Hyenas Hunted, Ate Humans 500,000 Years Ago, Fossil Reveals

First Posted: May 01, 2016 04:00 AM EDT

A fossil study shows that hyena ate early humans 500,000 years ago. The fossil that had been discovered comprises of 500,000-year-old femur with tooth marks and fractures believed to be made by an extinct hyena.

The study was issued online in the journal PLOS ONE. The researchers found the hominin bone in a Moroccan cave called Grotte a Hominides near the Casablanca in 1994. The cave has ancient stone tools and bones of other animals such as gazelles, bears, baboons, antelopes, rhinos, dating to the Middle Pleistocenea. This is a period lasting from about 781,000 to 126,000 years ago, according to Live Science.

The authors of the study aid that the bone represents the first evidence of consumption of human remains by carnivores in the cave. They further said that the chewed femur indicates that humans were the (food) resource for carnivores, underlying their close relationships during the Middle Pleistocene in Atlantic Morocco.

Camille Daujeard, the lead author of the study and a researcher in the Department of Prehistory at the National Museum of Natural History in France said that it is not surprising that a large, carnivorous predator would hunt down a hominin. "During this period, early humans likely competed for space (such as natural caves) and resources with large carnivores, who occupied many of the same areas."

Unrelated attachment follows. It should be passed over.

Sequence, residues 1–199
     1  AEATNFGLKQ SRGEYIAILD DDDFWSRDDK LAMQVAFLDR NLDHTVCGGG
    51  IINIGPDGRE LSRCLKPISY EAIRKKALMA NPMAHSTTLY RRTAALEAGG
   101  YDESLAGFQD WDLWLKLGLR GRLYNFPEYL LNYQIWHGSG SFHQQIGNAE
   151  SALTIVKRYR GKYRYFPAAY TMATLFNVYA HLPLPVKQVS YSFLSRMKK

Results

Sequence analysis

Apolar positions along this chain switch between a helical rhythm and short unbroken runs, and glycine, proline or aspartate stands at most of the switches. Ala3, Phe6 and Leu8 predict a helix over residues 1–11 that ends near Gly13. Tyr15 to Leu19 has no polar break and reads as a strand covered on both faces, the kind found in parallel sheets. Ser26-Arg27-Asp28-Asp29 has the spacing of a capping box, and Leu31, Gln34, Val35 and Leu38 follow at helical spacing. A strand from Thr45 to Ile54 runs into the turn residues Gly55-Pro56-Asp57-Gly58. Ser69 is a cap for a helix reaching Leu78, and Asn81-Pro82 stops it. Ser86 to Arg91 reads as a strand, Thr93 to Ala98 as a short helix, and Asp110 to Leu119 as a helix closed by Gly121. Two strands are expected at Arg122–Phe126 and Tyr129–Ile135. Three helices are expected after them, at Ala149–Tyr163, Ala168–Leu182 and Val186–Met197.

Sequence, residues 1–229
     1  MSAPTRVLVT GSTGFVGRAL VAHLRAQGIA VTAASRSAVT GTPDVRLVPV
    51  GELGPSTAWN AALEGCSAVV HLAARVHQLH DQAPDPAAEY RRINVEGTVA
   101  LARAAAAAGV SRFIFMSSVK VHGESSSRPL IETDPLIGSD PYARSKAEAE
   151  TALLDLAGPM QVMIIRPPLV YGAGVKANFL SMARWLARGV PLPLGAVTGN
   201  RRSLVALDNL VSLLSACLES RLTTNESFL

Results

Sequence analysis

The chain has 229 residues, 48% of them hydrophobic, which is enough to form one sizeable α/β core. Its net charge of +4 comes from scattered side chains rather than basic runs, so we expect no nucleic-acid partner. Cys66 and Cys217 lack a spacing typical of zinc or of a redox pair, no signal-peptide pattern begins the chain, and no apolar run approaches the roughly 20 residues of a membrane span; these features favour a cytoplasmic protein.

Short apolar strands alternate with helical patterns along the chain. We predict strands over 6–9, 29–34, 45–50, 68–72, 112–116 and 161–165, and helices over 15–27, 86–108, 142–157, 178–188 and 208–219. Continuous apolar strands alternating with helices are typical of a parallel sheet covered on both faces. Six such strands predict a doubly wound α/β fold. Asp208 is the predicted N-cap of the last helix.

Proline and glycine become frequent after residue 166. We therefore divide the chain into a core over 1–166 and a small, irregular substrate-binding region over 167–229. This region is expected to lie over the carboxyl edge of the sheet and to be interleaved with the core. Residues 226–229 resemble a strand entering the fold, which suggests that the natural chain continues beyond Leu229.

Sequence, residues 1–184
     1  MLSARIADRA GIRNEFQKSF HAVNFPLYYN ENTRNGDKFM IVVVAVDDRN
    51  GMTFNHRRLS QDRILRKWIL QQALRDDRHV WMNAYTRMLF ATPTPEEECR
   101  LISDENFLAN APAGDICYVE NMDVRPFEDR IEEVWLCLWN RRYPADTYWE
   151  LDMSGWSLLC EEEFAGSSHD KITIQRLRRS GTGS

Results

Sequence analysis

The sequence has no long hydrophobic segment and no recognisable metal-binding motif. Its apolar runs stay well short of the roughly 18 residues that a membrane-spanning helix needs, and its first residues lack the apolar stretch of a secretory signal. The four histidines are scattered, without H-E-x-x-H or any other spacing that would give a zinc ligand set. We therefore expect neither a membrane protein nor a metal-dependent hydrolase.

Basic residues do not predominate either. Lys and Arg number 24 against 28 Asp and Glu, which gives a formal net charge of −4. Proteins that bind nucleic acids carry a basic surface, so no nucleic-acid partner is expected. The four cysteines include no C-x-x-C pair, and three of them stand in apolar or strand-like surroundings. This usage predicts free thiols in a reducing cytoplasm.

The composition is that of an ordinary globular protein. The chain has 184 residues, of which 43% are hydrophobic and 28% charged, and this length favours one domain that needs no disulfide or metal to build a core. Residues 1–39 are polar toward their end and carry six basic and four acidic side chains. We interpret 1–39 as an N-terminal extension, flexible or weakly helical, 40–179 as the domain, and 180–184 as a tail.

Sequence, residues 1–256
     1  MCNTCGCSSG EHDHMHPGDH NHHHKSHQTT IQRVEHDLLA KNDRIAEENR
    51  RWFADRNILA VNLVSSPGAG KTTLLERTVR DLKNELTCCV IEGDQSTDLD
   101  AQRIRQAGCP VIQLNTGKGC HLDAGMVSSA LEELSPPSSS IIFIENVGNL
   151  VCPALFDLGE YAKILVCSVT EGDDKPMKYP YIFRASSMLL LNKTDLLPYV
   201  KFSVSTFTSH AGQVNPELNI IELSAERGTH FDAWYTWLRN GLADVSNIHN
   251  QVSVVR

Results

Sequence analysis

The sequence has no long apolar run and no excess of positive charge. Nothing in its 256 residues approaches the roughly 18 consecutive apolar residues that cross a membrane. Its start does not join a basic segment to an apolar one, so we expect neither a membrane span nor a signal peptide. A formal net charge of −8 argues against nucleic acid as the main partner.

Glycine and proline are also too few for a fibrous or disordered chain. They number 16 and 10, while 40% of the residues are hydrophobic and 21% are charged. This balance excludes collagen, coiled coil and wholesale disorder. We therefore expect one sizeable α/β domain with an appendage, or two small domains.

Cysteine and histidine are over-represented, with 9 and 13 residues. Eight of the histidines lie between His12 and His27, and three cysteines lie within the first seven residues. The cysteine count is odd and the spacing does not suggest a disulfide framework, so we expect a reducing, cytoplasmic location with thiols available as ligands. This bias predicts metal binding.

Based on how the femur was eaten and the tooth marks left in the thighbone, the researchers suspected that a hyena ate the human. On the other hand, the researchers said that it is unclear if the hyena killed the human or it might chew the femur upon a dead human and ate the remains.

Likewise, hominins rummaged for local carnivores. Daujeard said that hominins were quite able of killing large prey, of evicting large carnivores off their habitats and even occasional hunting or exploiting them. She further said that both hominins and carnivores could have been predators, prey and scavenged leftovers.

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